Controlling Relationship
The Subtle and Significant Dynamics
of an Abusive Relationship

Dr. King

by Dr. Jeanne King, Ph.D.


When he has the vicious tongue literally and she has the upper hand figuratively, domestic abuse dynamics overlap. Who is the abuser and who is the abused?

At one point, it may appear that she is clearly a victim to his ugly words and hurtful emotional verbal abuse. And then, there are those moments when it is very clear that she has two votes to his one.

You scratch your head and ask, “Who is the victim here?” Is it the one that batters or is it the one with the most “power and control?” Or, is it both of these people in this abusive relationship?

Abuse Is About Control

You probably know that intimate partner abuse is essentially about control. Violence may be a manifestation of domestic violence, but domestic abuse is fundamentally about control...and the perpetrator can’t bear to be out of control. When the perpetrator feels he/she’s losing his/her grip, violence will escalate so as to regain control.

Battering Is Abusive

Given this, it is clear that the violence—whether verbal, emotional or physical—merely establishes and maintains an unequal distribution of power in the relationship. It’s a means to an end, and it hurts.

Anytime we use our will to overpower another person’s will, a violation has occurred. Now you may think I’m splitting hairs here...not really. I’m bringing to light the fine distinction between honoring and violating another.

The Collaborative NonAbusive Dance

When the focus is on inspiring and allowing the other person to access their authenticity, collaboration happens. Each person builds on the intentions and true desires of the other.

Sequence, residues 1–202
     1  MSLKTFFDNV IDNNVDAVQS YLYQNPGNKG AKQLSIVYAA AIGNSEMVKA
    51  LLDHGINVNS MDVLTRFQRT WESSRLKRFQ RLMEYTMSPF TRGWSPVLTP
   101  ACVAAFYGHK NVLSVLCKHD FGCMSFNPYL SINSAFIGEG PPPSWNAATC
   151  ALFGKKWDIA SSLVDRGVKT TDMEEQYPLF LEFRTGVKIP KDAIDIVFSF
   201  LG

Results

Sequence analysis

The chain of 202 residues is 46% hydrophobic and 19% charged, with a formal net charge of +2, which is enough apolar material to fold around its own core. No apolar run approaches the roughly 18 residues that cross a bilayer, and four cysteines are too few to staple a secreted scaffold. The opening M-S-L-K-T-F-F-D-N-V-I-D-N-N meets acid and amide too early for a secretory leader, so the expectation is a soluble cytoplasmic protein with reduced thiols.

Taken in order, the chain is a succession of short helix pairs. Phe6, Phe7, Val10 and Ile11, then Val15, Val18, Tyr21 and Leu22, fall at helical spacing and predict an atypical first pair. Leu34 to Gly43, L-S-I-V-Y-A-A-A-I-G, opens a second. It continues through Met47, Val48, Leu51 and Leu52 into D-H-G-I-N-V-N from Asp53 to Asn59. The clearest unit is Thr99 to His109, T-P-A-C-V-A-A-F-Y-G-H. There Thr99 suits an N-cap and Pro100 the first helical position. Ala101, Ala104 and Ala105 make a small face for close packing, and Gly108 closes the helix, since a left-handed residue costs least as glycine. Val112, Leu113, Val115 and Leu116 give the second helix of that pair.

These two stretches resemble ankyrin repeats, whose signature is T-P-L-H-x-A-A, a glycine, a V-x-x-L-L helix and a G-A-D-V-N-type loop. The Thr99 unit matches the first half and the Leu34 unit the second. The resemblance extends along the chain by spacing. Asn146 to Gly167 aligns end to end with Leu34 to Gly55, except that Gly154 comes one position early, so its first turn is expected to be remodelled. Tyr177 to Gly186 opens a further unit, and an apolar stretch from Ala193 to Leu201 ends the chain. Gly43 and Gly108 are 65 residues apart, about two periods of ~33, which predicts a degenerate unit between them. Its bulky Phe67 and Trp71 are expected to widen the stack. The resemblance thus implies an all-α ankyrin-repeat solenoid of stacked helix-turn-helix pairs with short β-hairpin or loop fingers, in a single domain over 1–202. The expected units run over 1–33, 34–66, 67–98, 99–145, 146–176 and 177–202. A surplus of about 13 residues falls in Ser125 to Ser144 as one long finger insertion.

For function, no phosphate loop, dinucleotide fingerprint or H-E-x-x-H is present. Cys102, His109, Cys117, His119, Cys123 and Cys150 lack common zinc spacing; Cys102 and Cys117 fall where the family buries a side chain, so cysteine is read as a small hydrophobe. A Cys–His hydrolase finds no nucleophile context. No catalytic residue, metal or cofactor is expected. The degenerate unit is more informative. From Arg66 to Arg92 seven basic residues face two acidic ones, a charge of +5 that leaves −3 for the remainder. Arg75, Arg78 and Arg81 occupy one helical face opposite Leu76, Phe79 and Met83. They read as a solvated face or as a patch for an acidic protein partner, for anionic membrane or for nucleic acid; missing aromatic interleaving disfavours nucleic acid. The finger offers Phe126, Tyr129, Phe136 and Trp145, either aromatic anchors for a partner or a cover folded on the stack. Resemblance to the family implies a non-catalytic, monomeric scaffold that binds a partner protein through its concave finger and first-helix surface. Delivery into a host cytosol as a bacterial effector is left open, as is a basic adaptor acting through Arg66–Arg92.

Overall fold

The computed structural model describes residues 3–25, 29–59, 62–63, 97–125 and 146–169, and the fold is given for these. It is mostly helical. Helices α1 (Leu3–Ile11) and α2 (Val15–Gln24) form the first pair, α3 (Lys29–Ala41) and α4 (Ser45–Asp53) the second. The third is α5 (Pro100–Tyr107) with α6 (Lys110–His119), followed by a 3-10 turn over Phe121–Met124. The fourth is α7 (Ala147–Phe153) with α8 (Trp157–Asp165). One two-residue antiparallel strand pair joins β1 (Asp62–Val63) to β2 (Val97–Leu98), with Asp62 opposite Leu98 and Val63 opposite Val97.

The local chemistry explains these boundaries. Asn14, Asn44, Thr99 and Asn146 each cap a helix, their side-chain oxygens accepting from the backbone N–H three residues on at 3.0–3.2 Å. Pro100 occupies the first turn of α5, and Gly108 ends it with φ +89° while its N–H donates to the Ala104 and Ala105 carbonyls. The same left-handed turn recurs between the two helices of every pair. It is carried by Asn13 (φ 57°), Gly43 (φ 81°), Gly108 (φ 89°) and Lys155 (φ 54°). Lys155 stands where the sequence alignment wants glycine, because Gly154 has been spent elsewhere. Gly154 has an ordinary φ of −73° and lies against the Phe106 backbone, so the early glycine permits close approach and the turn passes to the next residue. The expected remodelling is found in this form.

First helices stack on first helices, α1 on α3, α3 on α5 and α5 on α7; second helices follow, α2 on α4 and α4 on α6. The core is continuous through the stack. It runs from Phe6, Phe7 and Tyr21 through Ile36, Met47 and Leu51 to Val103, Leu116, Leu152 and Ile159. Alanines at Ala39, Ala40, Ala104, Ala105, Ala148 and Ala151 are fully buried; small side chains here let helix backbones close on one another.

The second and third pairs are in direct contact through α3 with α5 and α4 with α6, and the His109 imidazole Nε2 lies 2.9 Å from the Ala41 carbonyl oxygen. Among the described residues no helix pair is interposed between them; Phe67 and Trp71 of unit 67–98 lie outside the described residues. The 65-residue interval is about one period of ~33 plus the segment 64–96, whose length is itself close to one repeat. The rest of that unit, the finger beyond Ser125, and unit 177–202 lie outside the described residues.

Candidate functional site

No one’s free will is stifled and no one is hurt. Each party shares equally in the power and control within the relationship.

If you are in a relationship that you think is abusive because you hurt, seek to understand the dynamics in play. How are the violations happening within the relationship? From here, your can turn in the direction of mutual honoring of one another and collaborative inspiration.

For more information about abusive controlling relationships, visit www.preventabusiverelationships.com/controlling_relationship.php and claim your Free Instant Access to Survivor Success eInsights. Psychologist Dr. Jeanne King, Ph.D. helps people nationwide recognize, end and heal from domestic abuse. © Jeanne King, Ph.D. — Domestic Violence Prevention and Intervention

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Dr. Jeanne King is a licensed psychologist and domestic abuse consultant. Feel free to contact us if you need help with physical and/or emotional pain, stress-related illnesses, or relationship abuse issues at home or in court. Contact Us to reach Dr. King.